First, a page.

The Changing Game of US Politics
Five books analyze historical and contemporary campaign practices in presidential elections
THERE'S a certain majesty to the 1992 campaign - the 52nd time, in unbroken succession, that Americans have freely selected their president. But there's also a mountain of hyperbole, triviality, and banality, a condition exacerbated by the number of words written and spoken about a United States national election. That 15,600 journalists gathered in New York City for the 1992 Democratic Convention attests to how much US politics gets overdone.
How rewarding, then, to tune out the babble and enter the domain of informed analysis. Five new books on various dimensions of US politics ably provide this welcome reprieve.
Speaking American: How the Democrats Can Win in the Nineties (Thunder's Mouth Press, 240 pp., $11.95 paper), by David Kusnet, is yet another in a long line of primers by and for Democrats concerned with their party's failures in national elections. This one is well written, ably argued, and full of sound judgment. Kusnet has been active in Democratic politics for the past two decades, working, for example, as a speechwriter for Walter Mondale in his 1984 campaign and for Michael Dukakis in his 1988 bi d.
Kusnet begins with the central question about the Democratic Party's decline - why a party that knew so well how to address and represent a national majority in a series of presidencies from Franklin Roosevelt's through Lyndon Johnson's (before the Vietnam War engulfed him) now struggles so to fashion a majoritarian appeal.
Though he says the country needs the leadership of liberal Democrats in the executive branch, Kusnet offers a devastating criticism of his party's liberal establishment - as harsh as any that a conservative or Republican critic has ventured. The problem is not, he insists, a matter of Democrats nominating less telegenic candidates or falling victim to the other side's negative advertising. Rather, the party has lost at the national level because it lost the confidence of a large and diverse assortment of Americans.
I would quibble with Kusnet's choice of terms in framing his argument. The Democrats, he says repeatedly, need to speak more effectively to the "middle class" and to fashion a reinvigorated "populism." This terminology is rhetorical oversimplification left over from campaign speechwriting. Kusnet shows that his party lost touch with the views and values of Americans all across the economic spectrum, not just those in the middle, and that "populism" has no meaning beyond paying attention to the preference s of the public at large.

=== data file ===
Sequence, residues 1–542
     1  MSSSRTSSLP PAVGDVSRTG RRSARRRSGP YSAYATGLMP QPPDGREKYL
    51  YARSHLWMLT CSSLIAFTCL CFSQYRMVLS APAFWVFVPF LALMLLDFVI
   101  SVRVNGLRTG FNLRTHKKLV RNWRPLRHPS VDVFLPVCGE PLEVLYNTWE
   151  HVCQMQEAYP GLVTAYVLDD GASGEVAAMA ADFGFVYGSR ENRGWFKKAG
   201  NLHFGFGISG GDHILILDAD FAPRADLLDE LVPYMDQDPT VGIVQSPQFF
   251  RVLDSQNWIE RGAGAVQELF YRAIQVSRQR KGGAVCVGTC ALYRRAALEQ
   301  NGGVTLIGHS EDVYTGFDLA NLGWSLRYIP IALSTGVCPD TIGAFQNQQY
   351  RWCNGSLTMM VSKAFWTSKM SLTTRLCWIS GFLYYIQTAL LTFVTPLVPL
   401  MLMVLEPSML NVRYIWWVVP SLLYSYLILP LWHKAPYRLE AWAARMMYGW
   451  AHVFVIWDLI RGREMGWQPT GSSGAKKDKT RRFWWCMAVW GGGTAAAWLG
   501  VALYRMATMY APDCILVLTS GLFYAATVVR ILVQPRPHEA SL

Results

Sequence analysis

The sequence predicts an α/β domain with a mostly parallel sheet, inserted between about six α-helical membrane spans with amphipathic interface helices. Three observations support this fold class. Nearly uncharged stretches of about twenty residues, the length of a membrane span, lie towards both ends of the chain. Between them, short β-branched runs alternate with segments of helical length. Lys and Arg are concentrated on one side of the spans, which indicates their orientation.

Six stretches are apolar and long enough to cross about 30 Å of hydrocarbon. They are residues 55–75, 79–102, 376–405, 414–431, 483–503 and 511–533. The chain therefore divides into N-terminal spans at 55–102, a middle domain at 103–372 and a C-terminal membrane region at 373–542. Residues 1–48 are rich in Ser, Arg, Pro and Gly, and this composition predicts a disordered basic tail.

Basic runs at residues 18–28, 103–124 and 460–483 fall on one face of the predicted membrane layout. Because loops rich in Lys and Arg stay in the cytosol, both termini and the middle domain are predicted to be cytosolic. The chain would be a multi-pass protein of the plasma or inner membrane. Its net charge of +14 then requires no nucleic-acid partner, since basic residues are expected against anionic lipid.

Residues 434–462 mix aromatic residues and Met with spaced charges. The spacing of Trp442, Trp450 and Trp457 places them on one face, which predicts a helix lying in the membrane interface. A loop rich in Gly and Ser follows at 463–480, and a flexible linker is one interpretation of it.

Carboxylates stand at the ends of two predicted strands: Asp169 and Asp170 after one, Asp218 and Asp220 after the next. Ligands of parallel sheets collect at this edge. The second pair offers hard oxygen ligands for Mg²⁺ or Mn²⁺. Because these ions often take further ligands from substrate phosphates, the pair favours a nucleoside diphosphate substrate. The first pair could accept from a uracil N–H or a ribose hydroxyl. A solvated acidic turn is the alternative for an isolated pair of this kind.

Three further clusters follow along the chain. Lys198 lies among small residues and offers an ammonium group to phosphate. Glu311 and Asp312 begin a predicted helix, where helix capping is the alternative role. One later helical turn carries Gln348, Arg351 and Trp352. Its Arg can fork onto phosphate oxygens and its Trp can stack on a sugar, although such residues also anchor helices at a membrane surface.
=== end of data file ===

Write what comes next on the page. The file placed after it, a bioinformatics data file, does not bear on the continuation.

The Vital South: How Presidents Are Elected (Harvard University Press, 400 pp., $29.95), by political scientists (and twin brothers) Earl Black and Merle Black, is a summation of the immense political changes that have transformed what was historically the country's most distinctive region.
The Blacks point out that the region's long, exclusive attachment to the Democratic Party, from the age of Andrew Jackson on through the New Deal and World War II, was based on a sense of estrangement. The South held to values that set it apart from the rest of the US, sadly so in the area of race relations, and had different needs, as the country's poorest and most agricultural section.
Today, the South has rejoined the nation; in many areas, from economic standing to social values, it is now more a microcosm of the US than an exception to the predominant lines of national development. Herein, the Blacks argue, lies the full extent of the South's importance to the Democratic Party.
When the region flipped over in stages from the l950s through the 1980s to become the most Republican part of the country in presidential balloting, this meant something beyond the fact that the Democrats were left with a big hole in the electoral college. A Democratic party, the Blacks maintain, that can't compete effectively in presidential politics in the South will be unable to do so nationally. Southern politics is now mainstream national politics.
The Democrats' choice this year of two Southerners, Bill Clinton of Arkansas and Al Gore of Tennessee, to head their ticket comes as an exclamation point to the Blacks' analysis.
The Myth of the Independent Voter (University of California Press, 224 pp., $35 cloth, $13 paper) is a team effort by six scholars all trained in political science: Bruce E. Keith, David B. Magleby, Candice J. Nelson, Elizabeth Orr, Mark C. Westlye, and Raymond E. Wolfinger. The "myth" these authors expose is the idea that people who call themselves "independents" are somehow a coherent third force in US politics, between the Democrats and the Republicans.